Another downside to pine straw: It is a source of acid. Your soil will increase in acidity, which is OK for some plants. Gardeners must consider the plants they are growing and if those plants like acid. Veggies such as sweet potatoes, radishes and peppers are good candidates.
2. Grass clippings. We all love free, and grass clippings fall into that category. If you cut your grass, you have clippings. The abundance is a positive reason to use grass clippings. They also are a fantastic source of nitrogen. All plants need nitrogen to grow, but some plants, such as lettuce and spinach, benefit from extra sources.
There are two negatives to using grass clippings. They decompose quickly, so you will have to continue to add layers throughout the growing season. Also, some gardeners despise the smell of decomposing grass. You’ll notice it heavily after rain.
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3. Shredded leaves. Fallen leaves contain minerals that the tree absorbed from the soil to aid its growth. As they decompose, leaves feed the earthworms, adding nutrients and microbes back into the soil. Gardens with sandy soil benefit from shredded leaves because they help to lighten the soil and retain moisture. Carbon, essential for balancing nitrogen, leeches into the soil as the leaves decompose.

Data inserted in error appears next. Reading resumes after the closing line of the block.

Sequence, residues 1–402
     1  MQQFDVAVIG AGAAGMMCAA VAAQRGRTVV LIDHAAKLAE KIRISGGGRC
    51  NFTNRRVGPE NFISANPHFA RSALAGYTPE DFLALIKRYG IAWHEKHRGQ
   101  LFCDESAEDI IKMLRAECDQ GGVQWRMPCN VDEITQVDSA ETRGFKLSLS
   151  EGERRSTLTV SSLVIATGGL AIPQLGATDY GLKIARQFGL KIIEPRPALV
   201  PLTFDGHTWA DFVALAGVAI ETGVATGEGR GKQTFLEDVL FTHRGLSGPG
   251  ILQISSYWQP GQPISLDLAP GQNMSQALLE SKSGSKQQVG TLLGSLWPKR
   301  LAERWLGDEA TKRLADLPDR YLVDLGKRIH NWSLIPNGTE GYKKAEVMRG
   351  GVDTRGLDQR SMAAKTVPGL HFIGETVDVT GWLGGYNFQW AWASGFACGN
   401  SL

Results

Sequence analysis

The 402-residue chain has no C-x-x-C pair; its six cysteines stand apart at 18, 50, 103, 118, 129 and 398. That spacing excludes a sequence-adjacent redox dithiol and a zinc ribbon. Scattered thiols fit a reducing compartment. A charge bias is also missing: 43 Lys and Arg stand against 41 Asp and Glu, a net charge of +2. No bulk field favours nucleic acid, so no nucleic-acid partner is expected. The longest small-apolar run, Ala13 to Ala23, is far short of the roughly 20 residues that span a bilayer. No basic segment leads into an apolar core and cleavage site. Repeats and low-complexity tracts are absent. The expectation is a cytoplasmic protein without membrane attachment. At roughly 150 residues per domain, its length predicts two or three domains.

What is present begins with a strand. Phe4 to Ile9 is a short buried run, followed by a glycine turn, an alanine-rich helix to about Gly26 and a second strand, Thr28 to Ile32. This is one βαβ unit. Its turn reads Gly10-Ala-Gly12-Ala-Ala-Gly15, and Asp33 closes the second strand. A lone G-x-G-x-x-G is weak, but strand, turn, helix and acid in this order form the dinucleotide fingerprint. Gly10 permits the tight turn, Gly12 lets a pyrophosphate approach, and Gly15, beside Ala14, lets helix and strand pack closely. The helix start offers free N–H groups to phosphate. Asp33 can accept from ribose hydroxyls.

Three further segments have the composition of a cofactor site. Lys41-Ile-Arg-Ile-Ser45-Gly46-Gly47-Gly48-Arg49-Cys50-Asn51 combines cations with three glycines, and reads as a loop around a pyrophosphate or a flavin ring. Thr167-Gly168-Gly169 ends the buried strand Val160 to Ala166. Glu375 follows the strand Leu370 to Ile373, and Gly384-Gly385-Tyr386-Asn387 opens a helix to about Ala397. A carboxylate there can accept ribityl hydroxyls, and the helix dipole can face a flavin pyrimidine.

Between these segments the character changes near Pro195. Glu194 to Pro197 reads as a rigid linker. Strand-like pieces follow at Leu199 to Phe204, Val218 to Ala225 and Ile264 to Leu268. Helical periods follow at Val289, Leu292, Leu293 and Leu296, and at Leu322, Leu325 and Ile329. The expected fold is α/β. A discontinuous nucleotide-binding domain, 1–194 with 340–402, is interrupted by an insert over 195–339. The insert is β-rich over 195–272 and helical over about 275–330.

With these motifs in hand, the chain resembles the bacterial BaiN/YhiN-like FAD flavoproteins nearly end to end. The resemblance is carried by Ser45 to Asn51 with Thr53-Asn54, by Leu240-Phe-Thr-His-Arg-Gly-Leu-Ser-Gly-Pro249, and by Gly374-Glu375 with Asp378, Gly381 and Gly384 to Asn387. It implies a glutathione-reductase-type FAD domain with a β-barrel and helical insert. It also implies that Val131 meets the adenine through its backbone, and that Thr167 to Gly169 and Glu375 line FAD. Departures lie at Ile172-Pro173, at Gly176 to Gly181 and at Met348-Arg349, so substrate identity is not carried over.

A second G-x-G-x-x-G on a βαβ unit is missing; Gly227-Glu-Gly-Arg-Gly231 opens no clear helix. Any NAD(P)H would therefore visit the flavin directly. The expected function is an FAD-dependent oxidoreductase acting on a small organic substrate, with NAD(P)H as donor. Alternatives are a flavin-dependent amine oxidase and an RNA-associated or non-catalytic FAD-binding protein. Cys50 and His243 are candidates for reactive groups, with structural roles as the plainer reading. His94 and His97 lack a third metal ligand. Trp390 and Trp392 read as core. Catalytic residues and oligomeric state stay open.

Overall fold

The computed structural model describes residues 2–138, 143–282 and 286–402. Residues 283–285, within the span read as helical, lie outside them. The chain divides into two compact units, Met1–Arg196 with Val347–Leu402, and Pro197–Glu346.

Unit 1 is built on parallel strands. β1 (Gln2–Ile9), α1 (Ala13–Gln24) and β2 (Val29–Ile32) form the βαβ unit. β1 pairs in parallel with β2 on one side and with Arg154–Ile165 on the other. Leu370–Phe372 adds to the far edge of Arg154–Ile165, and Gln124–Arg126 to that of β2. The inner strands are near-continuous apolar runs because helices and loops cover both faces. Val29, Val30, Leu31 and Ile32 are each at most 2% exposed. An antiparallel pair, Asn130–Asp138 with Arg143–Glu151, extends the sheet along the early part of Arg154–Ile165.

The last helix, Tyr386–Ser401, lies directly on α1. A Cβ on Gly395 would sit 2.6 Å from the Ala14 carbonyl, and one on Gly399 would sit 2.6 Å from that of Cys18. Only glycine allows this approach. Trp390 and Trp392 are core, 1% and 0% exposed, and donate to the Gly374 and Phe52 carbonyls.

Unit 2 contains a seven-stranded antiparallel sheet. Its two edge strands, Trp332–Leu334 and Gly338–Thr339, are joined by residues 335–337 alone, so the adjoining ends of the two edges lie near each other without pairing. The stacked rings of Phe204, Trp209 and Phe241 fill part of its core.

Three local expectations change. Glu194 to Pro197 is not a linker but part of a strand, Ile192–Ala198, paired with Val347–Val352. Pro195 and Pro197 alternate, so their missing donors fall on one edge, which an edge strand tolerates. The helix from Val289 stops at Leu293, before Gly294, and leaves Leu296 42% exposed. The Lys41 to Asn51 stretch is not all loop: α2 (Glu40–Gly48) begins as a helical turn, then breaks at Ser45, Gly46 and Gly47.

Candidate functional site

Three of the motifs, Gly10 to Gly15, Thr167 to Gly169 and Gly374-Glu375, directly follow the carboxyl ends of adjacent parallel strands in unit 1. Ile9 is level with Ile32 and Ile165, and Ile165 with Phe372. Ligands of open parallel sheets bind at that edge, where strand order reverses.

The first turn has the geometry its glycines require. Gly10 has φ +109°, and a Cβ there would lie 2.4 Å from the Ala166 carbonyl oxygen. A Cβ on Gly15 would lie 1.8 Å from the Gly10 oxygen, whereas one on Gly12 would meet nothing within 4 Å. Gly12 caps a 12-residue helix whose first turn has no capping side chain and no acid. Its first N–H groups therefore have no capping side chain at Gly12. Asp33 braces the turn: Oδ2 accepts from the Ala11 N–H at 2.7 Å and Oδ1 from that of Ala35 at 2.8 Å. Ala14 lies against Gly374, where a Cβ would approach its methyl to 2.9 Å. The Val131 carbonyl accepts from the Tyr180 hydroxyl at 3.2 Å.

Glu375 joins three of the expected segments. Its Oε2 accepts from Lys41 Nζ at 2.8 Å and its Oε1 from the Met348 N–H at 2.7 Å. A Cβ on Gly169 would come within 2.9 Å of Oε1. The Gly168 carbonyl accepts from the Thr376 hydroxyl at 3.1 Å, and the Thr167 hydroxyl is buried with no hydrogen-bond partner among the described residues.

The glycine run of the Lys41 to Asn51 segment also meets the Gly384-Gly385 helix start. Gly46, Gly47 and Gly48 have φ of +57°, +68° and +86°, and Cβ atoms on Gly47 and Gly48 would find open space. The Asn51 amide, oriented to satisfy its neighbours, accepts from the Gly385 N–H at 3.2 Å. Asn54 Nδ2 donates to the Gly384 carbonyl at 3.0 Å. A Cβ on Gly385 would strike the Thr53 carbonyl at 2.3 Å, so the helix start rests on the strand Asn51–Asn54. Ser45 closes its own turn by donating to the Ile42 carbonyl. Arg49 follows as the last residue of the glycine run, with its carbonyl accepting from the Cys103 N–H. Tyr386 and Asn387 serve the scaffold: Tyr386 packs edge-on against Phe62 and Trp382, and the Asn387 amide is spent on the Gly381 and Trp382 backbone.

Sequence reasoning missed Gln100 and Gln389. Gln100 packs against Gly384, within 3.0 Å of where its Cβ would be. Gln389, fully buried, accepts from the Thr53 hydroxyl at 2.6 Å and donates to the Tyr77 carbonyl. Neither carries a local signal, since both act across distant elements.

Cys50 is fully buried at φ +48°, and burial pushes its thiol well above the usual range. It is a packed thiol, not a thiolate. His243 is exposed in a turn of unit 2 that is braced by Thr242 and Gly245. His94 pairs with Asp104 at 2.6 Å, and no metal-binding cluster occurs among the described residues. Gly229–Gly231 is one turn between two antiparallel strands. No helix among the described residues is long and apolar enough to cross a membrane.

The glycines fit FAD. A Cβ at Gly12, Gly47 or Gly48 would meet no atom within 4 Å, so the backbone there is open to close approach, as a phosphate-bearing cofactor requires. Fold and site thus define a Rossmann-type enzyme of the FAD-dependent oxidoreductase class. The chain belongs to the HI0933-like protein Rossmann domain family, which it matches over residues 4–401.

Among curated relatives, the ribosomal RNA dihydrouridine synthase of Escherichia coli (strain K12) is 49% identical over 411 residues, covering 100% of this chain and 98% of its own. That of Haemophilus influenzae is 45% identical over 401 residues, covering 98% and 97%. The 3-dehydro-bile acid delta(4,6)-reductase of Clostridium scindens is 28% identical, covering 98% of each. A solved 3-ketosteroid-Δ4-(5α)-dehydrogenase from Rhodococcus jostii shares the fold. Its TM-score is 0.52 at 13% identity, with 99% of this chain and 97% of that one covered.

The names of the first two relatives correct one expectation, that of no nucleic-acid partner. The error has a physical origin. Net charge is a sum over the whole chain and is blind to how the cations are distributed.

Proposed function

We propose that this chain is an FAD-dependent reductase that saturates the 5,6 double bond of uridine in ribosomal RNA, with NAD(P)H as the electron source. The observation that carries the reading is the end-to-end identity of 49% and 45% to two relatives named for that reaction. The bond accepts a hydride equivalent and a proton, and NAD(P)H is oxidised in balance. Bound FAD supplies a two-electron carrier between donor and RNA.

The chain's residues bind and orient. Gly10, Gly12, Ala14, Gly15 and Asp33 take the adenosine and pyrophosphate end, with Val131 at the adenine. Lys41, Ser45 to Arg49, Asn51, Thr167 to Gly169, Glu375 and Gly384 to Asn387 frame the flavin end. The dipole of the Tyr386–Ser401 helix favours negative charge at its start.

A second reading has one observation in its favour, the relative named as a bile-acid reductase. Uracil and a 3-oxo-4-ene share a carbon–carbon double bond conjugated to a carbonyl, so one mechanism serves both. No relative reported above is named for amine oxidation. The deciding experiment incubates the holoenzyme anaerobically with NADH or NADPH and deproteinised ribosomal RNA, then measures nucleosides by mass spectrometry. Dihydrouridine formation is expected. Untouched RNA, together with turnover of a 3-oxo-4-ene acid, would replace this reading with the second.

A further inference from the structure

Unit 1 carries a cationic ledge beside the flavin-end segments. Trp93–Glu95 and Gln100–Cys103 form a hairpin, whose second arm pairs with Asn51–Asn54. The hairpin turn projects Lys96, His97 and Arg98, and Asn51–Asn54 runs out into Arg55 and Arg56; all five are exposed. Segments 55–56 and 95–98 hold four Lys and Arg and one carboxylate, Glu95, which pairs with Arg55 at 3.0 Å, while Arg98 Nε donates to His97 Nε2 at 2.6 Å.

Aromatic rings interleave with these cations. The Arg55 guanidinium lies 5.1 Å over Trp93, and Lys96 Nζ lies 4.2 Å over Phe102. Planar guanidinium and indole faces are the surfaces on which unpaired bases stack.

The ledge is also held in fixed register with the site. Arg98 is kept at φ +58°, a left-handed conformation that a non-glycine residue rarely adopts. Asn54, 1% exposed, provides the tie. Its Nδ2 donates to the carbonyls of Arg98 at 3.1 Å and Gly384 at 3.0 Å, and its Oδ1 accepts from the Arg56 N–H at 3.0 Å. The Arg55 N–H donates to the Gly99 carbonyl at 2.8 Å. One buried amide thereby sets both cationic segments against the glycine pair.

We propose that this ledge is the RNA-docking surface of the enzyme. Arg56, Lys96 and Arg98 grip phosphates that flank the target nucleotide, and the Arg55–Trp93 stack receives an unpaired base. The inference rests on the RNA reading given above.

The biggest negative is the look. Chances are you won’t win an award for the “Most Beautiful Garden of the Year.” It is worth the downside. Leaves must be shredded before used as mulch. Otherwise, water may not reach the soil. Also, never use leaves from walnut, eucalyptus or camphor laurel trees, as they have chemicals that stop plant growth.
4. Old hay. If you have access to old hay, your garden will thank you. While you could use fresh hay, the spoiled bales are cheaper and will add more nutrients to the soil. Over time, hay helps to act as a buffer and neutralize your soil. This could be a problem for some plants, but it is great for soil that is a bit too acidic.
The problem with using hay is that it is made from grass. It will have grass seeds that can cause weeds to grow in your garden. Since you probably want to avoid weeds, the best solution is to pile the old hay about a foot thick. At this depth, it is nearly impossible for weeds to grow through.
What organic mulch would you add to our list? Share your thoughts in the section below:
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